Restless legs syndrome is a common condition affecting nervous system. It causes an urge to move the legs and an uncomfortable sensation in the legs and sometimes arms, chest and face. It can also cause an unpleasant crawling or creeping sensation in the feet, calves and thighs. These symptoms can be mild or unbearable and are usually worse in the evening or during the night. These unpleasant sensations can often be relieved by moving or rubbing the legs. It can be difficult to sit for a long period of time. In severe cases, restless legs syndrome can be very distressing and disrupt a person's daily activities. About half of people with restless legs syndrome have some degree of lower back pain. Over 80% of people with restless legs syndrome also have a condition that is known as periodic limb movements (PLM). The symptoms of PLM are jerky or twitchy leg involuntary movements, usually at night while you are asleep. The cause of restless legs syndrome is not clear. A theory suggested that it is related to the falling of dopamine in the part of the brain. Having chronic conditions such as diabetes, parkinson’s disease etc is likely to trigger restless leg syndrome development. Iron deficiency anaemia is a trigger for the syndrome. Dopamine agonists are used to treat restless leg syndrome.
There were many case reports with acupuncture treating restless legs syndrome. Acupuncture helps with reducing severity of the symptoms and decreasing the frequency of the symptoms. For example a study has shown that acupuncture helps to improve abnormal leg activity. In this study, significant improvement was seen after 4 week and 6 week acupuncture treatments. There were no side effects found during the treatments.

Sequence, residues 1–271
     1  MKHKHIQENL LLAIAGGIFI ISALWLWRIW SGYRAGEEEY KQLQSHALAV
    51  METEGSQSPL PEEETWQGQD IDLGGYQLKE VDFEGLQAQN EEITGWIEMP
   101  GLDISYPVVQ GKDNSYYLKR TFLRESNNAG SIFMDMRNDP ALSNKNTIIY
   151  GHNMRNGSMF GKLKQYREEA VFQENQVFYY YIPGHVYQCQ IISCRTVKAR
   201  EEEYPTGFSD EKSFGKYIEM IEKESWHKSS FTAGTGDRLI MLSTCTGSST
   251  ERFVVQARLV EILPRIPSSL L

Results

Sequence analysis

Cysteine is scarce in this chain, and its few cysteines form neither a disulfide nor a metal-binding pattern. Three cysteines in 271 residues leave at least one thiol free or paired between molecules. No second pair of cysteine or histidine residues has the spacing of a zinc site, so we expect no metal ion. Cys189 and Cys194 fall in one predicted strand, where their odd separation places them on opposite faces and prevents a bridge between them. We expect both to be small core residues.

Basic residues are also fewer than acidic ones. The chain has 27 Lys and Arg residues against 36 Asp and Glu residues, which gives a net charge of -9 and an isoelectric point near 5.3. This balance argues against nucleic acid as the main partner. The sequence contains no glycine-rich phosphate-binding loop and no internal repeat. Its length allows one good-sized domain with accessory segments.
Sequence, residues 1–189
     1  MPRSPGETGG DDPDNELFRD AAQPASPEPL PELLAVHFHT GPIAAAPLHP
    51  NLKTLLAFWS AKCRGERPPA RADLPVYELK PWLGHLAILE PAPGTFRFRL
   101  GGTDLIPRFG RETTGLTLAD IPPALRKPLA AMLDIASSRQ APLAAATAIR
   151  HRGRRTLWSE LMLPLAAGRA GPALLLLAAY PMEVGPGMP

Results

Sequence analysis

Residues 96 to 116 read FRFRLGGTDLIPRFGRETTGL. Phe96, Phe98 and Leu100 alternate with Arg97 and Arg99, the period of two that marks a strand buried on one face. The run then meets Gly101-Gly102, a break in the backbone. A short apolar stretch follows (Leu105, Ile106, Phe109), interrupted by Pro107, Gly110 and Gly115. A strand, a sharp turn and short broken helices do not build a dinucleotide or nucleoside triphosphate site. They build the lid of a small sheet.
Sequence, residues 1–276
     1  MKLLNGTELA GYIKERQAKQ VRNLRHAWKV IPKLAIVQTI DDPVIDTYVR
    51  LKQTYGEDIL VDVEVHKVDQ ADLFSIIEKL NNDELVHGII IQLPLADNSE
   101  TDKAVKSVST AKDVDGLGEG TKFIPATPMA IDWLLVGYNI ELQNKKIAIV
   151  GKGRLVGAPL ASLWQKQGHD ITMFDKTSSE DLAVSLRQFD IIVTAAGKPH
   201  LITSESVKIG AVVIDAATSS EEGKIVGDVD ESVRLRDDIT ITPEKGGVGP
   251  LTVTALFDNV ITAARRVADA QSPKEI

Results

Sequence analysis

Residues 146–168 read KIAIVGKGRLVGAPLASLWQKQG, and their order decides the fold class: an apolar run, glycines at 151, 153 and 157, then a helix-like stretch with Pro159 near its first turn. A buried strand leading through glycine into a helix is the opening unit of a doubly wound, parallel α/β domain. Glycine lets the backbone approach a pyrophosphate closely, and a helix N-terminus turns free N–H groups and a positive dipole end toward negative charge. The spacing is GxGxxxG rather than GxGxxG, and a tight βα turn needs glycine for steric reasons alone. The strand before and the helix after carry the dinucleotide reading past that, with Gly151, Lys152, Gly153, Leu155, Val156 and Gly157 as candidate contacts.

More recently a study has investigated the effect of acupuncture on restless leg syndrome. There were 46 patients with restless legs syndrome participated the study. These patients were either received 10 session of acupuncture plus gabapentin or gabapentin alone over 4 weeks. The symptoms of patients were assessed at baseline (before treatment), just after the therapeutic course and 8 weeks later. The criteria used for the assessment included the Visual Analogue Scale (VAS), the International Restless Legs Syndrome Rating Scale (IRLSRS), and the Pittsburgh Sleep Quality Index (PSQI). The result has shown that VAS, IRLSRS, and PSQI improved greater in acupuncture group. After a treatment course and in 8 weeks follow up, VAS and IRLSRS had a significant improvement in both groups, but PSQI improved significantly just in the acupuncture group. Based on the findings of the present study, acupuncture was suggested to improve restless legs syndrome.
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